"Ugh!" The twelve year old slumped further in his chair and Booth briefly regretted telling him to stop running in circles. At least he'd been entertained.
"You know, we're in a store full of books. Go read something."
"Can I go over there?" Parker pointed to a reading nook.
"Just stay where I can see you."
"I'm not a little kid anymore, Dad. You don't have to worry all the time."
"Yeah, well, learn to live with it, alright? Stay where I can see you."
"Fine." Parker shuffled off to find something to read, Hadley slept on and Booth turned his eyes to his partner.
He was always amazed when he watched her at interact with her fans. She was accommodating and kind, often not only signing books, but posing for pictures. She moved with grace, making eye contact with each fan, thanking them for coming, her hand penning each dedication with flourish. She smiled warmly for photos and he knew that only he could see that she was getting tired.
Hadley shifted restlessly in her stroller and Booth began to roll it back and forth, lulling her back to sleep as he craned his neck to see Parker. The curse of his line of work was never being able to relax about safety, especially when it came to the people he loved.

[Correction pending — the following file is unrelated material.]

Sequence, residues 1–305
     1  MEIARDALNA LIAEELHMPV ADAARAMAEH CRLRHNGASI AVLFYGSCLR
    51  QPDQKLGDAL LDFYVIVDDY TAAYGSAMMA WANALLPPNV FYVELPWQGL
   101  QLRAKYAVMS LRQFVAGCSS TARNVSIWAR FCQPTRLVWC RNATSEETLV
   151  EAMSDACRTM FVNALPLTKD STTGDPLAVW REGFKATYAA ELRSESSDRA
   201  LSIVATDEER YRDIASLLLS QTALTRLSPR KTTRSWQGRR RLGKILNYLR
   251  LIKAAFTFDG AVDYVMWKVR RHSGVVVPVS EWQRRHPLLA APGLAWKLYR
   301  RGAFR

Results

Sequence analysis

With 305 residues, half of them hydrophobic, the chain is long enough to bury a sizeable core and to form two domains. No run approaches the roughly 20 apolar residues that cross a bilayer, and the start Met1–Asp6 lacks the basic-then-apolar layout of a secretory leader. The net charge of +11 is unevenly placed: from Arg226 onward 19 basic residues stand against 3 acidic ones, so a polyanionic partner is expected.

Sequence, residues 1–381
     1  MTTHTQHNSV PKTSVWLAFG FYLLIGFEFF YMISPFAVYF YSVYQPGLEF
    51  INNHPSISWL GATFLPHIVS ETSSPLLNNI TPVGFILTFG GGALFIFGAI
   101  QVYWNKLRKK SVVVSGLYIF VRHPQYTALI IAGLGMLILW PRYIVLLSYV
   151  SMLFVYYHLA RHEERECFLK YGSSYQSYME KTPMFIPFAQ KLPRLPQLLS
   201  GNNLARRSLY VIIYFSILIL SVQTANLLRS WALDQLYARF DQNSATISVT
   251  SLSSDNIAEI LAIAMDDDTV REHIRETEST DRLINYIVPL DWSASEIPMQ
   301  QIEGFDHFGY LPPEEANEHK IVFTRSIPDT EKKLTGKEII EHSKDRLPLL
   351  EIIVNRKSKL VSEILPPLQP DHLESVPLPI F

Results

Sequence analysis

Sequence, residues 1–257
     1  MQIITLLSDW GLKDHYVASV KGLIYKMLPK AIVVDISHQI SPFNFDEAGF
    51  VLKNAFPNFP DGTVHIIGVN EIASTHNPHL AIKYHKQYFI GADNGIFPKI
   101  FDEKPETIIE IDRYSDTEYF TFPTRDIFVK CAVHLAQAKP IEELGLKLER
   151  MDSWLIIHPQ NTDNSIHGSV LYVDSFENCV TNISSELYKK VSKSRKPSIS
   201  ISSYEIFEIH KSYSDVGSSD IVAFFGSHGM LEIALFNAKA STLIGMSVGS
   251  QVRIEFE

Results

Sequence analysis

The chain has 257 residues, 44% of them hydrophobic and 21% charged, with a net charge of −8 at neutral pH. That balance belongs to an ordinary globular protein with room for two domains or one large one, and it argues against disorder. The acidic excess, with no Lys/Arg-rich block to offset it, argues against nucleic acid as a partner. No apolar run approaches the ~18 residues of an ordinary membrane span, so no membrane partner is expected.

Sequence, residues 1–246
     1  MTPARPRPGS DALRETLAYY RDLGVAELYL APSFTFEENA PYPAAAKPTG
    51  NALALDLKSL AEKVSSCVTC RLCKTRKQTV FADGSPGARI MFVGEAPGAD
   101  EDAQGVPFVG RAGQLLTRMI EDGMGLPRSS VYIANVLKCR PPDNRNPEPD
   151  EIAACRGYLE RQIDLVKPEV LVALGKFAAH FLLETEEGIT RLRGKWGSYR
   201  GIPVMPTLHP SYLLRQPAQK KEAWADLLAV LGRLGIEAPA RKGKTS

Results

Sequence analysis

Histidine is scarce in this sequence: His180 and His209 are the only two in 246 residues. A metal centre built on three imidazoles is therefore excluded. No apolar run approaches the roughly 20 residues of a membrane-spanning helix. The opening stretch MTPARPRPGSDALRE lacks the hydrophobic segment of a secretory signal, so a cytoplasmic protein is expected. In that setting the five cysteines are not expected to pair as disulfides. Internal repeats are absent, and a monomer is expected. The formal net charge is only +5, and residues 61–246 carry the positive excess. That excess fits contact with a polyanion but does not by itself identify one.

Once he was sure that Parker was happily (and safely) engrossed in a graphic novel, he scanned the bookstore again, looking, as always, for anything out of place or anyone who made his gut twinge. Seeing nothing and no one that gave him pause, he looked back to the table to discover she was signing her next to last book.
When she was finished, she thanked the stragglers who remained for coming and her publicist and a bookstore employee escorted her to a back room while the final fans cleared out.
Booth swung the stroller in Parker's direction. "You ready?"
"Excuse me?" Booth arched his eyebrows.
"I mean, yes. I'm ready."
"You watch your language."
Booth shook his head and walked on, silently wishing Parker could just have stayed little as his son straggled behind him.
They found the bookstore break room and Brennan's publicist, an all-business type woman named Celia, waved them in.
"Hey, Bones. You did great!" Booth greeted her.
"The reading did go rather well. They were a particularly receptive audience." She smiled at Parker. "Did you enjoy it Parker?"
"The reading part was cool. The rest of it was kind of boring." He answered honestly, but then brightened. "But I added hundreds of steps to my pedometer project pushing Hadley around!"
"Well it looks like you did a good job of getting her to sleep. It's well past her bedtime." She stood. "Shall we go?"
"Yeah, let me just do a last sweep."
"Agent Booth, I can assure you the security I hired has made sure there aren't any lurkers. It's perfectly safe." Celia was always offended that Booth didn't trust her security choices. And Booth never cared.
"Yeah, well, after that time in Maryland, I'll take a second look, thanks."